Catholic Church Sex Abuse Cover-Up Linked to Secret Gay Culture: 'Everyone Is Protecting His Own Little Secret'

Homosexuality Vatican Catholic Church abuse
Frédéric Martel with his book "In the Closet of the Vatican" during a press conference in Rome on February 20. TIZIANA FABI/AFP/Getty Images

A culture of covering up sexual abuse in the Catholic Church has been driven by the fact that so many church figures are secretly gay and afraid of being outed, the author of a new exposé on the Vatican has claimed.

In the Closet of the Vatican: Power, Homosexuality, Hypocrisy by French writer Frédéric Martel is being published in 20 countries on Thursday, The Daily Telegraph reported. Martel spoke to almost 1,500 people about the Vatican's secretive internal workings, and he said Wednesday that hidden homosexuality has produced a culture of secrecy that allowed an endemic of sexual abuse to take hold.

"Abuses are protected by this culture of secrecy," Martel said at a publicity event. "The two things are intrinsically linked."

He added, "Bishops may not be abusers themselves. But they protect priests because they are terrified that if there's a scandal or an investigation or a trial, then their own homosexuality may be revealed."

Martel went on: "They are repressed, they live a life of hypocrisy and schizophrenia—a double life. Everyone is protecting his own little secret. It's not one big closet—it's lots of individuals in lots of little closets."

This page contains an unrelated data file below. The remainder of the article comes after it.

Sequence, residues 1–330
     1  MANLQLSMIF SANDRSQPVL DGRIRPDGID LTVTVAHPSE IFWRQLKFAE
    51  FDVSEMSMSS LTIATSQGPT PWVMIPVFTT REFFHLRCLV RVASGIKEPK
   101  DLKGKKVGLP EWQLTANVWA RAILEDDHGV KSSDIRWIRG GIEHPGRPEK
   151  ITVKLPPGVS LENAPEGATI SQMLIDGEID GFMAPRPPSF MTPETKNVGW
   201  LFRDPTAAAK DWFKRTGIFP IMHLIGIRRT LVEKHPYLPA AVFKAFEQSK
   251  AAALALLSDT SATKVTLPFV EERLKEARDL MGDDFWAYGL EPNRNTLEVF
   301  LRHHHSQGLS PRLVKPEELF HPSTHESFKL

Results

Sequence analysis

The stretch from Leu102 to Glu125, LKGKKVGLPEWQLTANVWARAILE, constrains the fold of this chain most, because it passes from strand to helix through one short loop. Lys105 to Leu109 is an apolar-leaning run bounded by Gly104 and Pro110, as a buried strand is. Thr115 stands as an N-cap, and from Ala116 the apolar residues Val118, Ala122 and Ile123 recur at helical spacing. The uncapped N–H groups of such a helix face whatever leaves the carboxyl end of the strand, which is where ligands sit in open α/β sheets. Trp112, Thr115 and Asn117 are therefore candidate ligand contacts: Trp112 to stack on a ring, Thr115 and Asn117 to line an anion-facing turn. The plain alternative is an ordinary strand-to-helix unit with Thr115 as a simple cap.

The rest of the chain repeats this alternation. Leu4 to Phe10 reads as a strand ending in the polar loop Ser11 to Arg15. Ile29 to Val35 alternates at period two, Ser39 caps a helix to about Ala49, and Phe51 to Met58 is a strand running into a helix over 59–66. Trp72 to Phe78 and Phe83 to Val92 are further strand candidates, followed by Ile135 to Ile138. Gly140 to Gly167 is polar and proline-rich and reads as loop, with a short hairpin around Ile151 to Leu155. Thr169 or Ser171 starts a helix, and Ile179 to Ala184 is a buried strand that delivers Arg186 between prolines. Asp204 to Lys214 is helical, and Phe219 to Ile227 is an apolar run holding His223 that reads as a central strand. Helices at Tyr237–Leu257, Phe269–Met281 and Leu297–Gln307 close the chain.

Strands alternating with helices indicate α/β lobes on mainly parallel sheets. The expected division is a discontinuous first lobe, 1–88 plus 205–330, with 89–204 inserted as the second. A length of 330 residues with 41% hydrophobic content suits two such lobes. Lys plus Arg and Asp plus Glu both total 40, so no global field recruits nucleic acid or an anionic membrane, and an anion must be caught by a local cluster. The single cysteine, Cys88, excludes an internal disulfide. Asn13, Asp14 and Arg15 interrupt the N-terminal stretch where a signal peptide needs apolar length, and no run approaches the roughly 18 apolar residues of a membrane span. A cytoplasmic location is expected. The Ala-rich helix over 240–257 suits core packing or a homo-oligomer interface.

He described homosexual men as "the great silent majority" in the Catholic Church. "It's what I define as 50 shades of gay," Martel said. His book claims that around 80 percent of all Vatican clergy are gay, although he admitted he has no way to verify the estimate.

Martel interviewed 41 cardinals, 50 bishops, 45 Vatican ambassadors and 11 Swiss Guards for his book. It took four years for him to carry out his research and distill his findings into his book.

A book review in The Guardian said that Martel provides little evidence for his allegations and that many of the most striking revelations are made by anonymous sources. Nonetheless, Martel alleges that the outwardly celibate image of the Catholic clergy hides a far more complex reality. Some are celibate, but others are in monogamous homosexual relationships while others are highly promiscuous.

The author claimed that the most vehemently homophobic clergy are, in fact, the most likely to be gay. "The more homophobic they are, the more likely they are to be gay. That's the number one rule of the Vatican," he said.

And this culture exists all the way to the highest levels of the church, his book argues. For example, Pope Emeritus Benedict XVI, the predecessor to Pope Francis, is described as a "repressed homophile" and homosexually inclined, though not actively gay.

Martel's book comes out as almost 200 bishops, archbishops and other senior Vatican officials gather at the Vatican for a landmark four-day conference to discuss sexual abuse in the church and possible solutions.